Brands of Sodium Fusidate in Kenya
Fucidin, LEO Pharma A/S
Mode of Action:
Fusidic acid inhibits bacterial protein synthesis by interfering with amino acid transfer from aminoacyl-tRNA to protein on the ribosomes.
Sodium Fusidate is indicated in the treatment of all staphylococcal infections due to susceptible organisms such as: cutaneous infections, osteomyelitis, pneumonia, septicaemia, wound infections, endocarditis, superinfected cystic fibrosis.
Sodium Fusidate should be administered intravenously whenever oral therapy is inappropriate, which includes cases where absorption from the gastro-intestinal tract is unpredictable.
For staphylococcal cutaneous infections:
Standard dose: 250 mg sodium fusidate (equivalent to 240 mg fusidic acid) twice daily for 5-10 days.
For staphylococcal infections such as osteomyelitis, pneumonia, septicaemia, wound infections, endocarditis, superinfected cystic fibrosis.
Standard dose: 500 mg sodium fusidate (equivalent to 480 mg fusidic acid) 3 times daily.
In severe cases of fulminating infections, the dosage may be doubled or appropriate combined therapy may be used.
Elderly: No dosage alterations are necessary in the elderly.
Since Sodium Fusidate is excreted in the bile, no dosage modifications are needed in renal impairment.
The dosage in patients undergoing haemodialysis needs no adjustment as Sodium Fusidate is not significantly dialysed.
- Systemic Sodium Fusidate administered concomitantly with oral anticoagulants such as coumarin derivatives or anticoagulants with similar actions may increase the plasma concentration of these agents enhancing the anticoagulant effect.
- The risk of myopathy including rhabdomyolysis may be increased by the concomitant administration of systemic Sodium Fusidate with statins. Co-administration of this combination may cause increased plasma concentrations of both agents.
- Co-administration of systemic Sodium Fusidate and HIV protease inhibitors such as ritonavir and saquinavir may cause increased plasma concentrations of both agents which may result in hepatotoxicity.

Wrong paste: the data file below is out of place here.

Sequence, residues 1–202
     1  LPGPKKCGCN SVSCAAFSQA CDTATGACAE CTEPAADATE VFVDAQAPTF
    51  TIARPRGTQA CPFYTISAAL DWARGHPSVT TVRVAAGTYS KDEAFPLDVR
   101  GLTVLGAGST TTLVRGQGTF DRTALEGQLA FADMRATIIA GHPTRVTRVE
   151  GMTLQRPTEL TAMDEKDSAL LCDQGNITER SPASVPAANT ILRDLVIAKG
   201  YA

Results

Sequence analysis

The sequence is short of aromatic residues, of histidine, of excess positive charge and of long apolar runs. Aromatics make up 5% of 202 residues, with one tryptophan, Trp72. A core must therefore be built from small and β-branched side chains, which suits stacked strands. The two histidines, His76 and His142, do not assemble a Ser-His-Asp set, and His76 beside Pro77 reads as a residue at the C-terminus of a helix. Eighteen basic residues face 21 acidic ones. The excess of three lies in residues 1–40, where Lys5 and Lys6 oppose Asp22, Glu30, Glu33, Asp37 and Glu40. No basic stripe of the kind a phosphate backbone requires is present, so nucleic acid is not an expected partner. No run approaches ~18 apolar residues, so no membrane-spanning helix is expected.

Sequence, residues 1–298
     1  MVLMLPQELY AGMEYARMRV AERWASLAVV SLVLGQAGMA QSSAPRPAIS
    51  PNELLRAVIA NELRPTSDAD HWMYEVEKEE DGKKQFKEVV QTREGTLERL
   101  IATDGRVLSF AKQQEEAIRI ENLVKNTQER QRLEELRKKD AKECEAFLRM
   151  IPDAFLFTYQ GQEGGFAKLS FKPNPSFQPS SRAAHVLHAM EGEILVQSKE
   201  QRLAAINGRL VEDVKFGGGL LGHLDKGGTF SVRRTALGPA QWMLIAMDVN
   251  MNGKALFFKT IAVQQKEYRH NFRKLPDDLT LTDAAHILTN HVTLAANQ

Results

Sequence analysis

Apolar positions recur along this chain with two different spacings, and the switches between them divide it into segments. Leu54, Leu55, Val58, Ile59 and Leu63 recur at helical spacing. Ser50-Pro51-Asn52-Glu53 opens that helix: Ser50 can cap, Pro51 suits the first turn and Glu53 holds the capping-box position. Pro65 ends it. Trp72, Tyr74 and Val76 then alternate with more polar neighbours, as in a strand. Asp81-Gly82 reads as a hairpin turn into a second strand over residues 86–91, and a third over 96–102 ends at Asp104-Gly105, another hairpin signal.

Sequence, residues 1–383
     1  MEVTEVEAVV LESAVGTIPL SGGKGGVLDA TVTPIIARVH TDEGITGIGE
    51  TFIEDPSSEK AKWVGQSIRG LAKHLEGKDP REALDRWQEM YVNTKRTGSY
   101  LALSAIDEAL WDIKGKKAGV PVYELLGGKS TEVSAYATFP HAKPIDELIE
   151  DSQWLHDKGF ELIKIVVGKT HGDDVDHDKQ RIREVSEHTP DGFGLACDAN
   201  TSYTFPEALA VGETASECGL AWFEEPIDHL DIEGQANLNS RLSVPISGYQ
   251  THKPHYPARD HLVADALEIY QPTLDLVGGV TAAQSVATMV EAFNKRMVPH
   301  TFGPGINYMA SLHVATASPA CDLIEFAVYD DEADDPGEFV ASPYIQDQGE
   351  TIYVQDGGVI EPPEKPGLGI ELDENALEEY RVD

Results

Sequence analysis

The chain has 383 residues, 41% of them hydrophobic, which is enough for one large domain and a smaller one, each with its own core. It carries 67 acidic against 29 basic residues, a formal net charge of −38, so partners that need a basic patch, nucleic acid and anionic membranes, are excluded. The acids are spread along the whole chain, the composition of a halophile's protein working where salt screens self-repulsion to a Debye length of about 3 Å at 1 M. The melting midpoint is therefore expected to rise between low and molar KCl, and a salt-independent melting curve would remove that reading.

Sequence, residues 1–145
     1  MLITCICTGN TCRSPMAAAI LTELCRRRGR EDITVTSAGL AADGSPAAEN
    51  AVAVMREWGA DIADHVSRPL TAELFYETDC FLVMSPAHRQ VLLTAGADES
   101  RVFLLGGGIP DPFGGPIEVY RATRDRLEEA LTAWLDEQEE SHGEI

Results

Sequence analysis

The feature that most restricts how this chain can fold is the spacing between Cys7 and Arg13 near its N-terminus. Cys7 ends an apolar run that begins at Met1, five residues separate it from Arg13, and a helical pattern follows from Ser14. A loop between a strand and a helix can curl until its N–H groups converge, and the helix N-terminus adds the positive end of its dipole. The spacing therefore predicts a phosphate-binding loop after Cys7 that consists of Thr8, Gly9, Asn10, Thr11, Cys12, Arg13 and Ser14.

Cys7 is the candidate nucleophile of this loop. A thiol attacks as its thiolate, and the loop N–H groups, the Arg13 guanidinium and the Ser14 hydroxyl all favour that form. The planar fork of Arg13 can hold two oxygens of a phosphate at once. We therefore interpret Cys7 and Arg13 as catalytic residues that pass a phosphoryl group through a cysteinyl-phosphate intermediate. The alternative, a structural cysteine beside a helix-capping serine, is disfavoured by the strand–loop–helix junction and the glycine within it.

ADVERSE DRUG REACTIONS:
The most frequently reported undesirable effects of Sodium Fusidate administered orally are gastrointestinal disorders like abdominal discomfort and pain, diarrhoea, dyspepsia, nausea and vomiting. Anaphylactic shock has been reported.
Reporting of suspected adverse reactions:
The PPB Department of Pharmacovigilance was set up with a vision to develop, implement and continuously upgrade an appropriate system for detecting, reporting, and monitoring adverse drug reactions (ADRs) and other relevant problems with medicines in Kenya. The department strives to ensure the safety and efficacy of pharmaceutical products in Kenya.
Reporting suspected adverse reactions after authorization of the medicinal product are important. It allows continued monitoring of the benefit/risk balance of the medicinal product. Healthcare professionals/ Patients are encouraged to report any suspected adverse reactions via Pharmacovigilance Yellow Form, firstname.lastname@example.org or clicking below button:
You can get Sodium fusidate Tablets,Cream or ointment in Registered Pharmacy new You
Sodium Fusidate in Kenya
Sodium Fusidate tablets in Kenya
Sodium Fusidate cost/ price in Kenya
Clinical | Pharmacokinetic data
Pregnancy Category: Not available
Routes of Administration: Oral
Bioavailability: 91% oral bioavailability
Protein Binding: 97 to 99%
Metabolosim: Not Available
Onset of Action: Not Available
Elimination Half life: Approximately 5 to 6 hours in adults
Excretion: Not Available
Legal Status | Dosage forms & Strengths
Prescription only Medicine (POM) , ℞-only
Narcotic Drugs and Psychotropic Substances (Control ) Act Schedule:
This drug is not a controlled substance under Narcotic Drugs and Psychotropic Substances (Control ) Act
Dosage Forms | Strengths:
|CompTox Dashboard (EPA)|
- Garske, L. A., et al. “Rifampicin and sodium fusidate reduces the frequency of methicillin-resistant Staphylococcus aureus (MRSA) isolation in adults with cystic fibrosis and chronic MRSA infection.” Journal of Hospital Infection 56.3 (2004): 208-214.
- Moriarty SR, Clark K, Scott D, Degenhardt TP, Fernandes P, Craft JC, Corey GR, Still JG and Das A (2010). 50th Interscience Conference on Antimicrobial Agents and Chemotherapy, Abstract L1-1762